Category Archives: $0.99

'CombineRobot' Review - Mecha Match Three

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January 29th, 2016 2:00 PM EST by Chris Carter in $0.99, 4 stars, Games, iPad Games, iPhone games, Puzzle, Reviews, Universal
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Match-three is one of those genres that will be around forever. Years after we're immersing ourselves in full consumer-grade VR, Match-three will still be rampant on portable devices and wearable tech. It's inevitable. But while many of them stick to the same formula, CombineRobot [$0.99] aims to do something different -- both thematically and mechanically -- and I admire it for that...

When it comes to modern games trying to pay tribute to retro classics, nailing the balance between making a fun modern game and an appropriate homage is really tough. It can be done – Shovel Knight on console and PC is a fantastic example of how to pay tribute to Mega Man, Castlevania, and the like. And we look at Horizon Chase [Free] on mobile, which did an amazing job at balancing out the feel of retro racing games while not being as clunky, frustrating, and unfair as many of those games were. There's a balance to be had. Venture Kid [$0.99] from FDG Entertainment clearly wants to pay tribute to Mega Man in everything it's about, and in doing so, it's kind of a solid platformer, but it mostly just misses the point of what made the game it's paying tribute to so great...




'Swapperoo' Review - Rage Against The Matching

I remember hearing that people were so obsessed with Tetris in the 80’s that when they’d close their eyes they’d still see the pieces falling and fitting together in their mind. It’s called the Tetris Effect, and I’ve always thought it was weird that people considered it strange enough to warrant its own name. Pretty much anything I get super into will start to invade my thoughts and dreams when I close my eyes. Isn’t that pretty normal? Why is Tetris special? Certainly there are plenty of iOS games that give me the same “effect” when I play them long enough. Like Swapperoo [$0.99], for instance...

Swapperoo [$0.99] is the latest title from Fallen Tree Games, developers of the wonderful Quell series. It released a bit late and kind of missed the whole weekly release post thing, but that's no reason for it to fly under the radar, it's too stinking awesome! Somehow, Fallen Tree has managed to make a match-3 game that's actually interesting, unique, and highly strategic. I figured that train had sailed from the airport a long time ago, but I'm happy to have been proven wrong. ..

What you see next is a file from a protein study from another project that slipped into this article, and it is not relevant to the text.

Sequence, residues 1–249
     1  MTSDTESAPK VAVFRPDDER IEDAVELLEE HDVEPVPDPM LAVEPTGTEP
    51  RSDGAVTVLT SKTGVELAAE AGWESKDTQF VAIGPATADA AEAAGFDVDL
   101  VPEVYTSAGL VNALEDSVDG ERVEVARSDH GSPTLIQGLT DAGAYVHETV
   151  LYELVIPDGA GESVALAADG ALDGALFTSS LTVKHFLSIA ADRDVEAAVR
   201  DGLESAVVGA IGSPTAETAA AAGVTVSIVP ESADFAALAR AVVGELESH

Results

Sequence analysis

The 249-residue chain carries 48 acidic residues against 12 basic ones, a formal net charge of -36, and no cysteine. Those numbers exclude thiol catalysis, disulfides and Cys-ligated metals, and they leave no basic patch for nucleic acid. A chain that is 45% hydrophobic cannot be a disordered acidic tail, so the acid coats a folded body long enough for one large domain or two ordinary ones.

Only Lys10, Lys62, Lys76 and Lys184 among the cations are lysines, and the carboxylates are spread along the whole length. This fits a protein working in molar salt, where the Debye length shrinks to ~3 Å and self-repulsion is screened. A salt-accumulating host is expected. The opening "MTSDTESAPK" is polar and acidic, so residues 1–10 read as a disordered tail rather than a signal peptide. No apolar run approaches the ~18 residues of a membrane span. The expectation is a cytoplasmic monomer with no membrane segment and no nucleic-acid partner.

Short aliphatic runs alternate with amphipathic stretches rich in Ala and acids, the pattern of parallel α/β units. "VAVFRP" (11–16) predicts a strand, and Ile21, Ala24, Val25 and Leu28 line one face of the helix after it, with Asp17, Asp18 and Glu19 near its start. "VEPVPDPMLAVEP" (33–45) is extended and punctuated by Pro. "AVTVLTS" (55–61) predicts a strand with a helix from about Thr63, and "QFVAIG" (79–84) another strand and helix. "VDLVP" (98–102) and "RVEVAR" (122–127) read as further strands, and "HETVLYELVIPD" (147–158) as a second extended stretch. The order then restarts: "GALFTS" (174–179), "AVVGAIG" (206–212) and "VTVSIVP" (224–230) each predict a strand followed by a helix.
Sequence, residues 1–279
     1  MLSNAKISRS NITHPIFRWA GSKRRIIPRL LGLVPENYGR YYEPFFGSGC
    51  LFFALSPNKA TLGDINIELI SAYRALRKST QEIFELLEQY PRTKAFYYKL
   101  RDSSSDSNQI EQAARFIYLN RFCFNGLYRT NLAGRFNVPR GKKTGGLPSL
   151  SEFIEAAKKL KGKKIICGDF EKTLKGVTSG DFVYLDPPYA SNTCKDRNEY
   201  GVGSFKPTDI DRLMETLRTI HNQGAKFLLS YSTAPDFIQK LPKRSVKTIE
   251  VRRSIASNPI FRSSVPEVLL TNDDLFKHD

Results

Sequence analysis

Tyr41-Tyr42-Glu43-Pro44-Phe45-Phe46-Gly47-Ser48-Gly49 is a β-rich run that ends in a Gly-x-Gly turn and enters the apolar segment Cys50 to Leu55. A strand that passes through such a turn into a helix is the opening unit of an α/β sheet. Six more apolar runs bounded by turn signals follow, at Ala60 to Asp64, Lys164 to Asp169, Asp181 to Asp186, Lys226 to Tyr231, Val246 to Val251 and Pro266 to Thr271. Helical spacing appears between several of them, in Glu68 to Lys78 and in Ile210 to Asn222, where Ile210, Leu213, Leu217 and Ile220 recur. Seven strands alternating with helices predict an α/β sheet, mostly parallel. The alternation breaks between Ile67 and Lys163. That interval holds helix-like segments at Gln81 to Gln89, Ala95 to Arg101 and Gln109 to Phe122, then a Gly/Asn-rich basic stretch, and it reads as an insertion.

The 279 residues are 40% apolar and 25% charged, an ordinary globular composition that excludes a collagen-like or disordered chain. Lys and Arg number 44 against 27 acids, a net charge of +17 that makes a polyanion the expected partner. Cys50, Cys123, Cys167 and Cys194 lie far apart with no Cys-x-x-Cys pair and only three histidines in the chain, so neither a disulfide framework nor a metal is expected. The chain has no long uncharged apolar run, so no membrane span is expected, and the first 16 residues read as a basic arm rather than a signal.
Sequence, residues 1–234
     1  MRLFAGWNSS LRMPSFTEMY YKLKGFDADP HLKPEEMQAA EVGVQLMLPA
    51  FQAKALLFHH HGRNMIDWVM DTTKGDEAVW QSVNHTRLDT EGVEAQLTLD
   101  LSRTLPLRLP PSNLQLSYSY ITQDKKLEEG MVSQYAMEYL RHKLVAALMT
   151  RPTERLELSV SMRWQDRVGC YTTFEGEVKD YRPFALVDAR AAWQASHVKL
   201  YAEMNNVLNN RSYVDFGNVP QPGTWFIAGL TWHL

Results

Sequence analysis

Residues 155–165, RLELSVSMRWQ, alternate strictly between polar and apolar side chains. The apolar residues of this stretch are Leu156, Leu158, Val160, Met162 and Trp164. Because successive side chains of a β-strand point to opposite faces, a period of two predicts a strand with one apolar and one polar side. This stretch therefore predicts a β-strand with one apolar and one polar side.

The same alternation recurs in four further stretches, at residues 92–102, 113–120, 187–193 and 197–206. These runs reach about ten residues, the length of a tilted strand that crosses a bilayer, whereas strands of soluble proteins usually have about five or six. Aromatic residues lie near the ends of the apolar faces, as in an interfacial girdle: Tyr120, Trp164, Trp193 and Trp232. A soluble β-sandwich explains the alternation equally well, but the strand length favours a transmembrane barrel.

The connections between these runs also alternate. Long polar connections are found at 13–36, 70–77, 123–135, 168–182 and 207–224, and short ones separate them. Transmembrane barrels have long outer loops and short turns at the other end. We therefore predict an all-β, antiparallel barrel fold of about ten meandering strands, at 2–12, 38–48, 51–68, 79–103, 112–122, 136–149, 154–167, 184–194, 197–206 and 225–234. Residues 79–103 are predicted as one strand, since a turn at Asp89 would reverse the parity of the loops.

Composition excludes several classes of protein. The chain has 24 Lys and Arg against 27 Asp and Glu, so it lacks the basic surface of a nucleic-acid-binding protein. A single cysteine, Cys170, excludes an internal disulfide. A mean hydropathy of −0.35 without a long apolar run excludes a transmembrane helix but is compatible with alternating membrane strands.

It feels like in the past year or so we've seen a ton of really old iOS games get modern updates out of the blue. It's a great thing too, as the entirely digital medium of iOS gaming can feel a bit expendable when iOS updates can break games or new screen sizes and hardware features are released and the developers of classi games are no longer around to do anything about it. It's crazy to say "classic" and actually mean games that are 5 or 6 years old, espeically when I have some NES games that are 30 years old that still work like the day they were released (with a little blowing into the cartridge or wiggling it in the slot, of course). Anyway, it warms my heart when I see an old game get new life and find a new audience by way of being updated, and that's exactly what has happened with the classic dual-stick shooter Circuit_Strike.One [$0.99]...

Having grown up with a controller in my hand, I've learned quite a few skills by way of video games, ranging from vocabulary enhancements, to motor skills, and even things like geography. One of the more practical things I picked up though is general sports knowledge. In fact, it's where I first learned golf, with my uncle breaking down the specific function of each club, and when to use them.  But the game of golf never really took for me, and to really get into the sport of it, I needed a bit of persuasion, sometimes of the fantastical variety. Enter Kirby's Dream Course on the SNES, with wonderful gimmicks like ball morphing and leaping over pitfalls and other hazards, and I was in. I never thought that 20 years later, I'd be writing about a similar experience on iOS, but here we are with Frank the Dillo [$0.99]...

'Cut the Rope: Magic' Review - I Smell Swipes and Candy

'Cut the Rope: Magic' Review - I Smell Swipes and Candy

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January 4th, 2016 11:00 AM EST by Nathan Reinauer in $0.99, 4.5 stars, Games, Puzzle, Reviews, Universal